seductive to young people, as it
makes it look like you can just get
money for doing nothing and automatically acquire all this fame, fortune and success, by just following
the gangsta lifestyle.”
In the June 5, 2005 edition of the
Jamaica Gleaner, Ian Boyne
declared that “The dancehall is the
place where gunmen and dons are
toasted and touted, where they get
their obligatory big-ups and shoutouts . . . The promotion of criminality in our music has been with us
for some time, but because corporate companies were making big
bucks from some of these wellknown deejays, and profit is sacrosanct, they turned a blind eye to
their 'informer fi dead', 'People
dead', 'bore bwoy skull' lyrics.”
Now, I do believe that popular culture is warping our young people
and it is succeeding so well because
parents and educators are blind to,
or in denial about, the amazing
socializing power of the media.
EAST STREET
BLUES
Dr. Ian
STRACHAN
However, I also believe we have to
go deeper to really address the
“problem” of masculinity. If rap and
reggae artists clean up their act will
it be enough? Tempo has started a
“Badness Outta Style” campaign.
Will that be the end of the glorification of badness, or is it more complex?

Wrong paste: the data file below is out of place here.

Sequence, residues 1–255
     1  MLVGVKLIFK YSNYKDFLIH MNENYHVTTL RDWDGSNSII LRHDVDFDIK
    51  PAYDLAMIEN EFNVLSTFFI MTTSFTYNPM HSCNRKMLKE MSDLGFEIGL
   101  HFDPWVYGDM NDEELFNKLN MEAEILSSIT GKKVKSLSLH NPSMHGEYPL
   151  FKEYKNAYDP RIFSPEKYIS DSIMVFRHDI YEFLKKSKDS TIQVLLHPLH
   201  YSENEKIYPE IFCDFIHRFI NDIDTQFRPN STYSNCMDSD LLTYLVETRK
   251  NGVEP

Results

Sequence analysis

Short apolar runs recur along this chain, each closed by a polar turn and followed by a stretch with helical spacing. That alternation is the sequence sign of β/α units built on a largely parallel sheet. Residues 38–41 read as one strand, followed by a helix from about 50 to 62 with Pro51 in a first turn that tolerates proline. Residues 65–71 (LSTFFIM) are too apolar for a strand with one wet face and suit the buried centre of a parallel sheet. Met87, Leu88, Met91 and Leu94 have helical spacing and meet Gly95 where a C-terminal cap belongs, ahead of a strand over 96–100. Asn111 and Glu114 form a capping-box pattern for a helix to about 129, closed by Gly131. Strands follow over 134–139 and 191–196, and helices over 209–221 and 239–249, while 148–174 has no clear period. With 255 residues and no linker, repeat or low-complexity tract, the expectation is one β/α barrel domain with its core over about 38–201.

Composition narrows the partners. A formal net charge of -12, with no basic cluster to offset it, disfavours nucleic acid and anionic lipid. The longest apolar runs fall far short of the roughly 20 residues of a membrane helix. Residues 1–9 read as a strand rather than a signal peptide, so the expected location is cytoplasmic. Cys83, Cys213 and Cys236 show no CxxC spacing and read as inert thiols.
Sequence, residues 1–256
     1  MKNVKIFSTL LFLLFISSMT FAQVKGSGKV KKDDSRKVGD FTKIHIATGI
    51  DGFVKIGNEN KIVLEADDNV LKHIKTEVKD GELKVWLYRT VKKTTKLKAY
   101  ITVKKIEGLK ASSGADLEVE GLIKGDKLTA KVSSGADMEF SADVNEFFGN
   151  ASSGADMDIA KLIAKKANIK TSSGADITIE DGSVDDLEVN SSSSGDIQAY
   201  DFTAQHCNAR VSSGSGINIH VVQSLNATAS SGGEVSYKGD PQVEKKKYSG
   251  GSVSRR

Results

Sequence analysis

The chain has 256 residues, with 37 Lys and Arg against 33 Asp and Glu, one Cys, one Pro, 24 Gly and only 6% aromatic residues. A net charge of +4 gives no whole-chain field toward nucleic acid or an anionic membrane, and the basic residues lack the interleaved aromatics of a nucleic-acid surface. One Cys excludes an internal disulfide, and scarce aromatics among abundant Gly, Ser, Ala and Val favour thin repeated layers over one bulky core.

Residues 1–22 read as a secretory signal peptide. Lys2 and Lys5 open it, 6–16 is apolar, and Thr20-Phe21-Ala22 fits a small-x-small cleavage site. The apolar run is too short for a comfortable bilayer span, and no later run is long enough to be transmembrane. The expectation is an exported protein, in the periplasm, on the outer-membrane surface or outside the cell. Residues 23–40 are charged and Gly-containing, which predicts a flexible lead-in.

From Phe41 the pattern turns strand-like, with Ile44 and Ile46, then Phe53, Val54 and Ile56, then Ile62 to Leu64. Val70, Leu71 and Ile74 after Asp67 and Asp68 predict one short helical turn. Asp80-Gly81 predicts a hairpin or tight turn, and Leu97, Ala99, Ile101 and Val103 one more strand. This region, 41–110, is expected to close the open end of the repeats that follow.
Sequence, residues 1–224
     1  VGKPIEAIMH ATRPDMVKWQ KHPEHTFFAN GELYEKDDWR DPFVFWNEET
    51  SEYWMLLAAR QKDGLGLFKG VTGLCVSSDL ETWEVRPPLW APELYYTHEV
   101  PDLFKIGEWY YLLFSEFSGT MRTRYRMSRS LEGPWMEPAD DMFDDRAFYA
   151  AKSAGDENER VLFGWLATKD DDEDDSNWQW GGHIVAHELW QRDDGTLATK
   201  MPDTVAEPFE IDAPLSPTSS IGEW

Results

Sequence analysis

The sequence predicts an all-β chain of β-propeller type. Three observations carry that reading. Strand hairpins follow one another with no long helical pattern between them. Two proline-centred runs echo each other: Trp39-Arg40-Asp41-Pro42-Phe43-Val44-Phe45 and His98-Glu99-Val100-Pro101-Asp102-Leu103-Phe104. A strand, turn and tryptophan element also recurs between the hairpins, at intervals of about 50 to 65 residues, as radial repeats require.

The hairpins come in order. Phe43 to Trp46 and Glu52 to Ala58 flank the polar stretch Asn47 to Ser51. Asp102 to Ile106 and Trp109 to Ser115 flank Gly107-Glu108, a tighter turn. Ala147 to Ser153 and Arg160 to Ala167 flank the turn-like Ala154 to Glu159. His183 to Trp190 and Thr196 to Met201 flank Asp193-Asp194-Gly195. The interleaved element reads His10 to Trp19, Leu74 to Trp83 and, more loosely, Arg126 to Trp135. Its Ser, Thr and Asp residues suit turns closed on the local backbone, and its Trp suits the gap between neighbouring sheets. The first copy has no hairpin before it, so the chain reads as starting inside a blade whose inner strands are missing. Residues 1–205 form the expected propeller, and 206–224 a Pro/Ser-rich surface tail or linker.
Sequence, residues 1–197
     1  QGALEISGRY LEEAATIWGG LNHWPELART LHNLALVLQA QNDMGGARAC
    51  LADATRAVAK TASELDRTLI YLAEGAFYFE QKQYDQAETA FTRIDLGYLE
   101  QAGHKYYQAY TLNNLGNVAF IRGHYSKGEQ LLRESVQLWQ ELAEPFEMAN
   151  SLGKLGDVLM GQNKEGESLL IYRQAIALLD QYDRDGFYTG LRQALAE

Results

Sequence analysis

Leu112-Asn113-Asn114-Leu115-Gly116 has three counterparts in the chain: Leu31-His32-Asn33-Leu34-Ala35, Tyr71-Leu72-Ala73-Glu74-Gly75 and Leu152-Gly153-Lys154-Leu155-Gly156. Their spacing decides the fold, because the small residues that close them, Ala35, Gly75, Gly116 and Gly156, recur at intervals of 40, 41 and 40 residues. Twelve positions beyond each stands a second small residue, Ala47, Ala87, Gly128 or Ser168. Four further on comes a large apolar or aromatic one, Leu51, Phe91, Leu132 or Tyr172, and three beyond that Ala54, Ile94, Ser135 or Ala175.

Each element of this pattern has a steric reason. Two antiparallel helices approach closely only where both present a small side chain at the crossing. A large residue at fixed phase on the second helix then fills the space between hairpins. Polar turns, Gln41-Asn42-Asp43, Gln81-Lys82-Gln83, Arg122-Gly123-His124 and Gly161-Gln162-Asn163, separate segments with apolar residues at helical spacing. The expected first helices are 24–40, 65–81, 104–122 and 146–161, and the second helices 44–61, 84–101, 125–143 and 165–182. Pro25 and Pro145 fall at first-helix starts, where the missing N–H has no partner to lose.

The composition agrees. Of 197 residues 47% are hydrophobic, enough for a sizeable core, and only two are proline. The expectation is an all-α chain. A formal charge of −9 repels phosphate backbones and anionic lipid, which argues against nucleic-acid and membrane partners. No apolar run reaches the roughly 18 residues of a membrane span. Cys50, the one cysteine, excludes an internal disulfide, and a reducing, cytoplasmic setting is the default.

If we ask Cable 12 to scramble the
hip hop and dancehall channels,
will our men stop acting the fool?
Yes, we may stop boys from imagining they can live like “gangstas” but
can we make them respect women,
value education and take care of
their children?
A professor of mine wrote a book
called “From Trickster to Badman”
in which he developed a fascinating
thesis. It was Prof. John Roberts'
contention that slaves in the US,
faced with systematic and brutal
repression, held tightly onto the folk
tales of African tricksters like
Anansi the Spider or Brother
Rabbit, who always outsmarted
stronger predators, like Snake, Lion
or B' Boukee (which means
“Hyena” in the Wolof language by
the way).
Roberts further postulated that as
blacks remained devalued and
deprived in Jim Crow America, the
attributes of Anansi or Brer Rabbit
were passed on to black outlaw
heroes of the late 19th century like
Railroad Bill and Stackolee who
grew to mythic proportions. Their
fearlessness and their ability to outsmart the white man's law inspired
people to invest them with supernatural powers in the folk songs
and tales.
I run the risk of simplifying things
here, but there's a sense in which
being “bad” has meant being
“good” in black culture for some
time. Michael Jackson's album,